Rain pelted down on the proceedings, wind whipped through Kroger Field, and Missouri suffered yet another embarrassing loss, this time 29-7 to Kentucky.
Coupled with the previous week’s brutal loss at Vanderbilt, and Missouri (5-3, 2-2 in SEC) has lost all its momentum from a five-game win streak, and then some. This season still has one big month, a four-game November that includes some of the season’s most important games, but it’s looking like this will be a season where Tiger fans will wonder what might have been.
Missouri had eight straight games to open the season in which it was a big favorite, and they still only went 5-3. The loss to Kentucky (4-4, 2-4 SEC) was Missouri’s third loss this season when favored by 10 points or more. College football is a wild and chaotic sport, but wins by double-digit underdogs are usually pretty rare.
Had Missouri simply beaten the teams it was supposed to beat by a significant margin, the Tigers would be looking at a likely 9- or 10-win season, and possibly something even more.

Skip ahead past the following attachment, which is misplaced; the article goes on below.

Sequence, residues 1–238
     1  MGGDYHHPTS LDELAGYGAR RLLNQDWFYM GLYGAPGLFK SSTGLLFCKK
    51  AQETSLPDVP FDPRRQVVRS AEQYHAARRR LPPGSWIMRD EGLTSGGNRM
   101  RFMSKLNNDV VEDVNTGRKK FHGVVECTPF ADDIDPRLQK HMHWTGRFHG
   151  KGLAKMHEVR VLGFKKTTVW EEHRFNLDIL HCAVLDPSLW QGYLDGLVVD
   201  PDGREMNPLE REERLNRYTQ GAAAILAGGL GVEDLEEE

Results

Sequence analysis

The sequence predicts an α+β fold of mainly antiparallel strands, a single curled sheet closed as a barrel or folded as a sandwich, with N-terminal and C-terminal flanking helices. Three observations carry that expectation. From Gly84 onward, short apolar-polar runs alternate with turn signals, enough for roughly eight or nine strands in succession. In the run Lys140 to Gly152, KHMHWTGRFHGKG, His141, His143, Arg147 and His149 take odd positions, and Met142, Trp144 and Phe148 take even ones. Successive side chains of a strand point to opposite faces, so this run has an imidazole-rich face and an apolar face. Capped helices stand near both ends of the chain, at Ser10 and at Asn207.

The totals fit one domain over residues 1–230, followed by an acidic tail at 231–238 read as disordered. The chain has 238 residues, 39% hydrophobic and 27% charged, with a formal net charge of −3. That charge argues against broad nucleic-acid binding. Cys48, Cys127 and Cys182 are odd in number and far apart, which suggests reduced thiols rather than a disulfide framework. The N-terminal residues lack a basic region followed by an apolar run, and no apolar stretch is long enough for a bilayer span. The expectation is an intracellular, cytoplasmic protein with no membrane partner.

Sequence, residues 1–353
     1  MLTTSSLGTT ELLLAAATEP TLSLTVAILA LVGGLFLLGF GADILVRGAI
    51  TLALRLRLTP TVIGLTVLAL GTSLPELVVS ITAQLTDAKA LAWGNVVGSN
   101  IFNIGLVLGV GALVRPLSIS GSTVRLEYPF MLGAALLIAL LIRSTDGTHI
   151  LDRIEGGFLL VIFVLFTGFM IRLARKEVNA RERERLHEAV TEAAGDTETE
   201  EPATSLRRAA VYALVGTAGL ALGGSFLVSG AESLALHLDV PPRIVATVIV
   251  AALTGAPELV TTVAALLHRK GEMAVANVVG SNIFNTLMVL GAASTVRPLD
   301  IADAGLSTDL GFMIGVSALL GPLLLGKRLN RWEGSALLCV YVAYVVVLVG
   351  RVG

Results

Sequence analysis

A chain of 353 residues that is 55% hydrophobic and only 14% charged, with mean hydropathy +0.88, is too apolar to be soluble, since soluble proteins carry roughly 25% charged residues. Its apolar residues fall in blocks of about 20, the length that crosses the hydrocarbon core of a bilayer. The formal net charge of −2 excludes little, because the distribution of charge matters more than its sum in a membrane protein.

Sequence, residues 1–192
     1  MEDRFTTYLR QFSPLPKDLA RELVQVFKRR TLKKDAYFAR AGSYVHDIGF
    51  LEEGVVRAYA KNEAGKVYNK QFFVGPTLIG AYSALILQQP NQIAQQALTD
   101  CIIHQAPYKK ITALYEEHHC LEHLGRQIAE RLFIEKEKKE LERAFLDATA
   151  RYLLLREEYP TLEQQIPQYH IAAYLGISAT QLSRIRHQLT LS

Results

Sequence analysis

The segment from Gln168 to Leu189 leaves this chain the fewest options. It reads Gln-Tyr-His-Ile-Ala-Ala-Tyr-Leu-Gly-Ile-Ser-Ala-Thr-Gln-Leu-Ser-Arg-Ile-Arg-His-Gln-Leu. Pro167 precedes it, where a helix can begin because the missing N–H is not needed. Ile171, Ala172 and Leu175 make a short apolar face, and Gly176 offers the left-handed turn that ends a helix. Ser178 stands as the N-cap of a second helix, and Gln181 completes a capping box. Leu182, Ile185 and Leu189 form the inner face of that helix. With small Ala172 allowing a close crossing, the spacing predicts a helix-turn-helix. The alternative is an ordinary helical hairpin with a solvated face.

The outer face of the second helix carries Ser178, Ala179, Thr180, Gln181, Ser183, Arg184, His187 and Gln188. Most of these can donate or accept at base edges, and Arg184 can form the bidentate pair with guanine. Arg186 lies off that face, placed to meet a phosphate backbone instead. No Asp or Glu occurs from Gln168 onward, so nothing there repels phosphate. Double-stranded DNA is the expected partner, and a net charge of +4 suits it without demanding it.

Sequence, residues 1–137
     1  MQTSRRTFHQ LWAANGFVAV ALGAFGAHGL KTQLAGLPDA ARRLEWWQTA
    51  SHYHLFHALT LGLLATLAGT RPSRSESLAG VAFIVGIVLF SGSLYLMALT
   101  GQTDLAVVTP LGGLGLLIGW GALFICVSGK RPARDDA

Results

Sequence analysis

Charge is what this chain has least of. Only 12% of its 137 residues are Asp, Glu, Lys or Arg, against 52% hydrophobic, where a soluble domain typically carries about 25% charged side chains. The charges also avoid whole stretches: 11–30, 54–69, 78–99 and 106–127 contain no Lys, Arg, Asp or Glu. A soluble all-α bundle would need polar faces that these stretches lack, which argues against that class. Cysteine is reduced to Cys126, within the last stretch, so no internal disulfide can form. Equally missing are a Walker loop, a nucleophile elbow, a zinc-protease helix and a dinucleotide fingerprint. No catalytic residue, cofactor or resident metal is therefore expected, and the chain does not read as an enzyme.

Instead, it is trending toward a lost season, confusion and frustration setting in during the rainy Kentucky night. The Wildcats simply dominated the Tigers. They are fairly one-dimensional, as due to injuries Kentucky has been using a wide receiver at quarterback. But Lynn Bowden was the more effective quarterback Saturday night, running for 204 yards.
I’ll spare you the line-by-line breakdown, but Kentucky outplayed Missouri in pretty much every aspect.
Kelly Bryant, who was already wearing a knee brace, injured the hamstring in his other leg on a run in the first half. It was that kind of night. Bryant struggled, and he was eventually lifted in favor of backup Taylor Powell, with head coach Barry Odom citing Bryant’s hamstring injury.
The Wildcats led 22-0 at the half. They kept their edge in the second half, and even converted a fake punt run for a big gain when Missouri didn’t seem to be paying especially close attention to the Kentucky punter.
It was Kentucky’s fifth straight win over the Tigers. Mark Stoops has his program in a better place, as they rolled over Missouri in an obvious rebuilding year for Kentucky.
But I’m sure you’re tired of reading about Missouri’s disaster Saturday. The question is, now what? The Tigers get a bye, which can’t hurt, and then Nov. 9 they travel to Georgia to take on the top-10 Bulldogs. That will be the toughest test of the season for Missouri. That’s followed by a home game with Florida, another very good team, meaning the Tigers could find themselves 5-5 heading into the Nov. 23 Tennessee game.
If somehow Missouri pulls out the win at Georgia, it’s absolutely a season-saver. But based on the last two games, it’s hard to imagine that right now.